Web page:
Moaning and groaning … oh yeah, about that shoulder!
Oy … so here’s the story. Back in December my shoulder started hurting after boxing. I didn’t think too much of it and let it slide for a while.
By February I noted serious “ows” when I swam–so I stopped doing that, but kept boxing, avoiding things like the right cross. By March it was still hurting and making “popping” noises so I saw an orthopedist and after getting an MRI got the diagnosis: A torn labram. Specifically, I was diagnosed with a SLAP Tear (Superior Labrum from anterior to posterior), a tear where the biceps muscle tendon connects with the labram in the shoulder joint.
Here’s a good explanation from About.com: An injury to a part of the shoulder joint called the labrum. The shoulder joint is a ball and socket joint, similar to the hip; however, the socket of the shoulder joint is extremely shallow, and thus inherently unstable. To compensate for the shallow socket, the shoulder joint has a cuff of cartilage called a labrum that forms a cup for the end of the arm bone (humerus) to move within. A specific type of labral tear is called a SLAP tear; this stands for Superior Labrum from Anterior toPosterior. The SLAP tear occurs at the point where the tendon of the biceps muscle inserts on the labrum.
The MRI also showed tendonitis of the supraspinatus tendon (the tendon at the top of shoulder) and bits of inflammation in a couple of other places).
Next up was a course of physical therapy — and no more boxing for the duration.
I worked with a terrific therapist name Eddie who patiently took me through a myriad of stretches and strengthening exercises.
Twice a week I lay on one of the tables while I had a heat pack applied to my shoulder that felt GREAT–for a few minutes. Next up was a massage and gentle manipulation to try to improve my range of motion–and get me out of pain.
After the heat and massage came the hard part: lots of exercises to strengthen the rotator cuff muscles and improve range of motion which I had already begun to lose. The biggest problem was my shoulder was feeling even more unstable–meaning lots of popping when I moved it plus it hurt even more after PT was done. In other words, not a great sign.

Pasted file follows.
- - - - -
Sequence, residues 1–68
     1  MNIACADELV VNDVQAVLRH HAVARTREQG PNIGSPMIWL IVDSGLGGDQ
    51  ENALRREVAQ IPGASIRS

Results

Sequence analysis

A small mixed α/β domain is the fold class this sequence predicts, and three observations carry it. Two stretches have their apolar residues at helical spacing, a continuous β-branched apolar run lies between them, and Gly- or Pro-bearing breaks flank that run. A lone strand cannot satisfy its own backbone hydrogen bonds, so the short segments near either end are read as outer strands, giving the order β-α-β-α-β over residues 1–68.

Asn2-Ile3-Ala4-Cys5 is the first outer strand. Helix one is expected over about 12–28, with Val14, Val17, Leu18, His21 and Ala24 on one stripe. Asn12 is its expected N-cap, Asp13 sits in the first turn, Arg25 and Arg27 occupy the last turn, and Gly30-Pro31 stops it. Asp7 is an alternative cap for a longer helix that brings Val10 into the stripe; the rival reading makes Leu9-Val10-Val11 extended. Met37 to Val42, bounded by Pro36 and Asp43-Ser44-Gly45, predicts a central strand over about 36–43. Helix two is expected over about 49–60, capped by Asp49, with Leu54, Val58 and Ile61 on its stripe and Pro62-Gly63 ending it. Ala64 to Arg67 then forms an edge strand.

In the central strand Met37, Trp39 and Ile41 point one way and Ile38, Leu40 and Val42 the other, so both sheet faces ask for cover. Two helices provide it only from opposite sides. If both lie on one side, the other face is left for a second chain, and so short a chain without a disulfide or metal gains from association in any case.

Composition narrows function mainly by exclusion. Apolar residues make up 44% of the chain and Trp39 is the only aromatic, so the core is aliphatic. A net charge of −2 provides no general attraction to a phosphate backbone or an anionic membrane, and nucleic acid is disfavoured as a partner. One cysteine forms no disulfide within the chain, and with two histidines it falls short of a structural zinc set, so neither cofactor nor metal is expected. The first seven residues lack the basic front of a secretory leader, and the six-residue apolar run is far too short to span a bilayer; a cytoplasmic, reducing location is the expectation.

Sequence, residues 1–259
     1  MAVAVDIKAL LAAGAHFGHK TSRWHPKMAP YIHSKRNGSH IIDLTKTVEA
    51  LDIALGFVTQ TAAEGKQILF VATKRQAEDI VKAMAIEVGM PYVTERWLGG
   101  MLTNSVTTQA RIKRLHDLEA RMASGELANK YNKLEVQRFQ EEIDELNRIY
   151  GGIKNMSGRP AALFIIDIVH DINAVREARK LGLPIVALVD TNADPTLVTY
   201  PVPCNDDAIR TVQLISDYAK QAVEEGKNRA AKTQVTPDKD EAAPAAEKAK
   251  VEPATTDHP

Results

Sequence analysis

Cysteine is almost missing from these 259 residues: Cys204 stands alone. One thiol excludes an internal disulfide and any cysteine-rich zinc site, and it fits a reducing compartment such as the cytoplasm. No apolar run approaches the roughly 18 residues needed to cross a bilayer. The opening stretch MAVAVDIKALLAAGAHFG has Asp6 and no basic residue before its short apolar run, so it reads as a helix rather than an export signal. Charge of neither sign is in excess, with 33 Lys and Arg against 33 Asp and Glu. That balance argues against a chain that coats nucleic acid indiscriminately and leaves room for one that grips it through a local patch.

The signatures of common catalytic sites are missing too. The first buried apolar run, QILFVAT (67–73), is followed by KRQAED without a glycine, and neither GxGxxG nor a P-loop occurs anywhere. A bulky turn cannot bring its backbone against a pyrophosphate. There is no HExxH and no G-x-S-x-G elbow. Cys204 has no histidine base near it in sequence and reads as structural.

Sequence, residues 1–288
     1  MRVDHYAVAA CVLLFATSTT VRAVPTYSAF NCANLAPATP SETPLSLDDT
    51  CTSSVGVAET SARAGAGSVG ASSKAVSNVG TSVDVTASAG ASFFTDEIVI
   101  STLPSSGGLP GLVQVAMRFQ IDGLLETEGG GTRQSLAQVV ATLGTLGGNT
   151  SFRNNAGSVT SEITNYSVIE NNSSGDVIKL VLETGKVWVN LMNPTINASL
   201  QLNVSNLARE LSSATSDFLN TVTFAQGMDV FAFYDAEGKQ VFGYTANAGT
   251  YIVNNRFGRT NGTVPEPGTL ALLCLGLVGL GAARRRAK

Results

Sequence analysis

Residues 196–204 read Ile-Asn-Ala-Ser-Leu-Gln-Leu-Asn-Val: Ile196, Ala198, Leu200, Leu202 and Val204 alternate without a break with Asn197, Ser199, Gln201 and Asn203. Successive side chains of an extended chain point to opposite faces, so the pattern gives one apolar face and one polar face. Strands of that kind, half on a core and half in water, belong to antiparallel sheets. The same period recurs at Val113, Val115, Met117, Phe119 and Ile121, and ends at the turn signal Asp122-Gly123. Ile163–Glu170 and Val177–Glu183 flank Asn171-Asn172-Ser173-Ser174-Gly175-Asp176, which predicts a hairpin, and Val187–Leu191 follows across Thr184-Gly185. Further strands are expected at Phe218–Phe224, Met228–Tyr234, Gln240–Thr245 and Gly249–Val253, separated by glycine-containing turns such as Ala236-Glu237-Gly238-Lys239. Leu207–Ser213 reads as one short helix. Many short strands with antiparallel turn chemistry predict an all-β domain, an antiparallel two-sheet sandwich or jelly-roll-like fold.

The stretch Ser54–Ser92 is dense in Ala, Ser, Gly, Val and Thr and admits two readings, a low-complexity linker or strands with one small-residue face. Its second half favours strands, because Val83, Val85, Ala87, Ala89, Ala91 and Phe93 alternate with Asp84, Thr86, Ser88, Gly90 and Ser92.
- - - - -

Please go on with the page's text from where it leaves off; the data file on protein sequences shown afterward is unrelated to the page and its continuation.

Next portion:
I’d already known that I hurt when I tried to move my arm up and to the side or across my body–but the shocker was realizing that I couldn’t scratch my back anymore on my right side. I had also started to wake up in the middle of the night in pain, and trying to put on a sweater was becoming a challenge (not to mention hooking a bra!).
In other words my favorite shoulder Yoga pose was a pipe dream and I could no more do the pose than launch into space.
Options?? Well pretty much only one if I want to gain back the use of my right shoulder — arthroscopic surgery to repair the labram tear, clean up the “junk” around it and to “unfreeze” those parts of the shoulder capsule that are impeding range-of-motion.
Arthroscopic means that the surgery will be performed through 3-4 small incisions around the shoulder using a camera and specialized surgical instruments. Depending upon the severity of the repair, tiny ceramic screws may also be inserted to help stabilize the shoulder joint.
Surgery typically runs from one to two hours and may also entail repairs to the biceps tendon depending upon the amount of damage.
Recovery is another challenge. Immediately post-op, patients wear an ice-pack on their affected arm for 72-96 hours and pretty much keep the arm immobilized in a sling for upwards of four weeks. PT starts pretty early though and patients usually start a course of exercise from about the second day or so.
The prospect of surgery is miserable to say the least — but given that I can’t even run because the motion hurts my arm gives some indication of its necessity. As my surgeon said, if I want to be active at all, I kinda’ have no choice and given that I DESPERATELY want to box again, onward I march into a summer in recovery mode.
My surgery is scheduled for June 20th at NYU/Hospital for Joint Diseases. I’ll let you know how it goes from the other side.
For further information on Labral tears here are a few good resources.